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This always struck me as odd in the Deathly Hallows. Yes, Voldemort was wrong in the end thinking that one becomes the master by killing the previous owner. But even acting according to his own theory, he seems to be rather illogical and inconsistent.
This all boils down to his decision to kill Severus Snape (spoilers) in order to, in his mind, become the master of the Elder Wand. So he basically thought Snape was the master because he killed Dumbledore, and by killing Snape he himself would become the new master. But according to his logic, wouldn't every single previous master had to been killed by the next one?
So in order for Dumbledore to become the master, he should have had killed Grindelwald. But Voldemort was perfectly aware that he didn't, Grindelwald was still alive when Dumbledore died. Wouldn't this raise a question in Voldemort's head, that if Dumbledore really were a master of the Elder Wand, shouldn't there be another way to become one? And even more so, even Girndelwald didn't kill the previous master, Gregorovitch.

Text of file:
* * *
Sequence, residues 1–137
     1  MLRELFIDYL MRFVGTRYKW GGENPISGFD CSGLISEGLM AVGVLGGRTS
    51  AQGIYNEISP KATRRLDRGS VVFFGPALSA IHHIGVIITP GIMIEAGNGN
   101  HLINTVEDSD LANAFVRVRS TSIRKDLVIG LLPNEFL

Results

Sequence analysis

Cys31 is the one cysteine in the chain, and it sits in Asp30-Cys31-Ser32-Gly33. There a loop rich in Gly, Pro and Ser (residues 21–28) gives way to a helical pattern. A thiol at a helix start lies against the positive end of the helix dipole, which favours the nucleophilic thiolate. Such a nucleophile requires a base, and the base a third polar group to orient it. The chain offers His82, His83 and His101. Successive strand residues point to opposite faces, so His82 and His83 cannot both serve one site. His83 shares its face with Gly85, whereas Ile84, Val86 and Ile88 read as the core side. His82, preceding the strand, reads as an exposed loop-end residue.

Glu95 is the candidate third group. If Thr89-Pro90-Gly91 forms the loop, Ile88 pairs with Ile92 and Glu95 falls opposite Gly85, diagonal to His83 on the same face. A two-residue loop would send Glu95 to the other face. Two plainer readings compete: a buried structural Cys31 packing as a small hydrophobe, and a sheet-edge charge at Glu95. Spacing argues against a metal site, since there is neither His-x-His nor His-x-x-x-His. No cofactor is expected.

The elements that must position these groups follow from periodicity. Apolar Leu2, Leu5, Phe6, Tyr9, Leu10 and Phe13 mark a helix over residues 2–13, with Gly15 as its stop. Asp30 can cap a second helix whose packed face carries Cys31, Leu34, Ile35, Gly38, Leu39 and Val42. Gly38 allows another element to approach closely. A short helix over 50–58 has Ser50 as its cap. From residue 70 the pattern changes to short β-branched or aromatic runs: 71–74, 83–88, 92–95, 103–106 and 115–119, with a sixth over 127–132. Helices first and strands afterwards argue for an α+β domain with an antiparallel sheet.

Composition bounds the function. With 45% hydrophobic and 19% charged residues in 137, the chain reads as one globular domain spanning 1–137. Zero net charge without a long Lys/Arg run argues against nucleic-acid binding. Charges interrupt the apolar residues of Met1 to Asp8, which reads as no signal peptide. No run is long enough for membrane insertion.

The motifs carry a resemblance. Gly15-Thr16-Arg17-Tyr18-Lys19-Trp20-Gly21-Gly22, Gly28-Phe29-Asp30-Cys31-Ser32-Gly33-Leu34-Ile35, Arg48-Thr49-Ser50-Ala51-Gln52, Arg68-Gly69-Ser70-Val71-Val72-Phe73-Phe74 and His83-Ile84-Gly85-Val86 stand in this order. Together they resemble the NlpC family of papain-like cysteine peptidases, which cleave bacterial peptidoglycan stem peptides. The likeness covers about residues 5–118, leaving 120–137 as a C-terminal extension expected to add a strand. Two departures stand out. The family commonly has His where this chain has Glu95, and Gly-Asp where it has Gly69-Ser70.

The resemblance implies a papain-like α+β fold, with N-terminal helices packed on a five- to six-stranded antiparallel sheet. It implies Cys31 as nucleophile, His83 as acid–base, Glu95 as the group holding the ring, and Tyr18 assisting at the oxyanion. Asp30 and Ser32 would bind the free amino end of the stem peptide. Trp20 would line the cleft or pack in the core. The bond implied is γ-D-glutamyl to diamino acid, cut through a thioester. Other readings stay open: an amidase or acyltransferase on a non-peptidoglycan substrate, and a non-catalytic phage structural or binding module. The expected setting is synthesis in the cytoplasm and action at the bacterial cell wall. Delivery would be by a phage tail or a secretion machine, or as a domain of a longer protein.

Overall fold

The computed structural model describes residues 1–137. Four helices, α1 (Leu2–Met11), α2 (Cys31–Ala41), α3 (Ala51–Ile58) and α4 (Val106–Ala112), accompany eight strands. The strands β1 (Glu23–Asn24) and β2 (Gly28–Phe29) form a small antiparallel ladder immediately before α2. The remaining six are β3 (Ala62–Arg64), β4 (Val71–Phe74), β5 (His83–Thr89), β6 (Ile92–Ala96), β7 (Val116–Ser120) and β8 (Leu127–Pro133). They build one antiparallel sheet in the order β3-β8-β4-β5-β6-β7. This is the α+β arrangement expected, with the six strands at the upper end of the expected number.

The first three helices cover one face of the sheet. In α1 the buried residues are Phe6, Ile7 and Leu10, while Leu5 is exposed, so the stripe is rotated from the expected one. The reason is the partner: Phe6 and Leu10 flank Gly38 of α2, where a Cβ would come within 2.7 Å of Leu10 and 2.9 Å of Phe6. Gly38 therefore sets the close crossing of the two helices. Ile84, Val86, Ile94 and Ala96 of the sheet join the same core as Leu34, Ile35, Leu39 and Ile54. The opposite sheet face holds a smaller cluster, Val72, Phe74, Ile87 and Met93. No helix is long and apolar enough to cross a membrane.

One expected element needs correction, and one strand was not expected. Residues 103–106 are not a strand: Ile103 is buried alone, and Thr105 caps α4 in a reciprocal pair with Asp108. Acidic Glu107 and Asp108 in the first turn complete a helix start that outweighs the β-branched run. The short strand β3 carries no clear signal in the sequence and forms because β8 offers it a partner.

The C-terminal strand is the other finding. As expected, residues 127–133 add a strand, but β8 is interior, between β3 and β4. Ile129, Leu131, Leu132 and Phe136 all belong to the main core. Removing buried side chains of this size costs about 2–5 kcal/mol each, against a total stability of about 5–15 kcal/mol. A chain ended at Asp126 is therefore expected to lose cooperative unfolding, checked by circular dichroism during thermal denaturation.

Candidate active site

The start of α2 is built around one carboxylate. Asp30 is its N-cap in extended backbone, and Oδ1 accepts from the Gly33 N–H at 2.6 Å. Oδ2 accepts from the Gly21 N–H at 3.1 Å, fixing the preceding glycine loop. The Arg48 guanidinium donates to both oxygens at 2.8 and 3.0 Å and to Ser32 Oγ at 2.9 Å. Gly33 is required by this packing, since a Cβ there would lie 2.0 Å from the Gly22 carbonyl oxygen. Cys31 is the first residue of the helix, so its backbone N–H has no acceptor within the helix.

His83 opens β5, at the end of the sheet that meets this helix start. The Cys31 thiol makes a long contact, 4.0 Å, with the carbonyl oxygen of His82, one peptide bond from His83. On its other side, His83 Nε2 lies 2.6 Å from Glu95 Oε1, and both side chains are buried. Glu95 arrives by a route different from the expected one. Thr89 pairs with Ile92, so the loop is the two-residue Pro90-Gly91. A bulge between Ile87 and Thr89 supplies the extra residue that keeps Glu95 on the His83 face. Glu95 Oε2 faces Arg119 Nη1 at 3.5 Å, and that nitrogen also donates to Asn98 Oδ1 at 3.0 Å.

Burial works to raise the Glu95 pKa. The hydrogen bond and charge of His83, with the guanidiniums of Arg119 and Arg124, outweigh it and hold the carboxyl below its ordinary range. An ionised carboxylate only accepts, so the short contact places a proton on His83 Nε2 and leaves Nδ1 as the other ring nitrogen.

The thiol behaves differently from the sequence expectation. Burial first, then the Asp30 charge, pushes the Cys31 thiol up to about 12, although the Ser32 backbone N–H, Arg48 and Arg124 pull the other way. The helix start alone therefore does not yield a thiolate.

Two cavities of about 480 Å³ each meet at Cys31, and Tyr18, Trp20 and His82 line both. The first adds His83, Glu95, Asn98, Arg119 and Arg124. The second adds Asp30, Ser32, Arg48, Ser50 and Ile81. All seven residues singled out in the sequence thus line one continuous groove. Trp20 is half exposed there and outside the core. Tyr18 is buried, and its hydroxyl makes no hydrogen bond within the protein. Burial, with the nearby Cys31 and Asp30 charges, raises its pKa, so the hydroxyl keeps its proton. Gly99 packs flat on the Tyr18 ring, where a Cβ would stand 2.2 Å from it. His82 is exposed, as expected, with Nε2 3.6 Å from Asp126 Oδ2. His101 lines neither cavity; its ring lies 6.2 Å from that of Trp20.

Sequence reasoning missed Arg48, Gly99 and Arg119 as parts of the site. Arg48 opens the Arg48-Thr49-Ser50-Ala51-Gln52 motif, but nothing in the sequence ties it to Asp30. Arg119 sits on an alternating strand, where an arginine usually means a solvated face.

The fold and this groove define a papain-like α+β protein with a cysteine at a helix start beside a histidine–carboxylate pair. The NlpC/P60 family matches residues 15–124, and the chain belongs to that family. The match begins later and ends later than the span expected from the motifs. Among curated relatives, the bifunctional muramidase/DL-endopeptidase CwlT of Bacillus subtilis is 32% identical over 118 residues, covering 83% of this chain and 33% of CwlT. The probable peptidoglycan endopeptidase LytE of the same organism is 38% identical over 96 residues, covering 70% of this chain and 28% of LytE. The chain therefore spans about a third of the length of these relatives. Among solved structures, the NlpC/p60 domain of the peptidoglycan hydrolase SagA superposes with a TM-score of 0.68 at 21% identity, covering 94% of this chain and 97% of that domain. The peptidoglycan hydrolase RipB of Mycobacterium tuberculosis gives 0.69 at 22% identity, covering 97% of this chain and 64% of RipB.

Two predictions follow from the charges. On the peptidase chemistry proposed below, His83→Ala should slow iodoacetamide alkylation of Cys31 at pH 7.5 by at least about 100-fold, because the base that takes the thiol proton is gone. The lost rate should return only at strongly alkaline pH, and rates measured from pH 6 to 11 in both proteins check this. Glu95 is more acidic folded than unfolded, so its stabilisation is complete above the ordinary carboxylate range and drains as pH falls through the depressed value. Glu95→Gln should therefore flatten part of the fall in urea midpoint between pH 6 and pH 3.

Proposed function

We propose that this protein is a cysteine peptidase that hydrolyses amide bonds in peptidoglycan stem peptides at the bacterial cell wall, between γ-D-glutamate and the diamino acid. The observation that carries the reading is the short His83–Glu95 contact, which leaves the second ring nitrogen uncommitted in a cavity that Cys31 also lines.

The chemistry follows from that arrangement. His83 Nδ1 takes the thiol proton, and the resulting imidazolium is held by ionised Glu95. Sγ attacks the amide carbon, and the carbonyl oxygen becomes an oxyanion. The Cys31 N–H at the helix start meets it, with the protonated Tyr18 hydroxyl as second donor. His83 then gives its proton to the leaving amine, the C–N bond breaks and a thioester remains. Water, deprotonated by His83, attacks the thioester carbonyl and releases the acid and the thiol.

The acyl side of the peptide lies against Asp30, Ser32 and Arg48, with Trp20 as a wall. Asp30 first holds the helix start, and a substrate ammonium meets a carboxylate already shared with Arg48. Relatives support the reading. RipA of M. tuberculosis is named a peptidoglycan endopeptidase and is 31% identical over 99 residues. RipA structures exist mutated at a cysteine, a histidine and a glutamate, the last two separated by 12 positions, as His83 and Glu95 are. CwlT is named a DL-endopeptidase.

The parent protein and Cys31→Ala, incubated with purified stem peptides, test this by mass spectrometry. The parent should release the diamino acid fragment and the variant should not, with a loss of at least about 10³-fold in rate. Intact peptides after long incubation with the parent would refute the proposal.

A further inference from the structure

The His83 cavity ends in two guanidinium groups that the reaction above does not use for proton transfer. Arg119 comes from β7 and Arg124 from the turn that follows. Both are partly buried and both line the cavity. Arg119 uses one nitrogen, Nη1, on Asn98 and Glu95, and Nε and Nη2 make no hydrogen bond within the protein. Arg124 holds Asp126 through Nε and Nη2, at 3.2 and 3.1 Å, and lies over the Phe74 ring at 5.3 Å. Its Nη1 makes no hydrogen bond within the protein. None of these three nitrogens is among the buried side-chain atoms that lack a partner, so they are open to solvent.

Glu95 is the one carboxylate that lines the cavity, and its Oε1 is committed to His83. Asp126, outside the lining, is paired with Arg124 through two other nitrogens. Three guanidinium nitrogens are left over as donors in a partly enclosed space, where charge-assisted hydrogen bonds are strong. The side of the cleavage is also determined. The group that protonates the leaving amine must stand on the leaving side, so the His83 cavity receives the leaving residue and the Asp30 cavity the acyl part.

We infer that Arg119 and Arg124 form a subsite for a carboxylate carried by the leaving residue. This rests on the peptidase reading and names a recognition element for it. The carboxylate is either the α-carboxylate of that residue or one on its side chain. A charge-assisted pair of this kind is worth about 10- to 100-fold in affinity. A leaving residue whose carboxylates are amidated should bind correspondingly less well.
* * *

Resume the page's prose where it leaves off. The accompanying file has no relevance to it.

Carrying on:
Then what he thought he was going to benefit from killing Snape? Because, according to his own logic, that one becomes the master of the Elder Wand by killing the previous master, neither Snape, Dumbledore, nor Grindelwald were ever its masters. According to his own logic, Voldemort should have been the master at the moment he killed Gregorovitch himself, yes?
Voldemort doesn't seem to be that stupid to make this kind of logical mistake but this all makes me think that he would have needed a bit of help from Professor Quirrell to get them past the potion riddle during their pursuit of the Philosopher's Stone.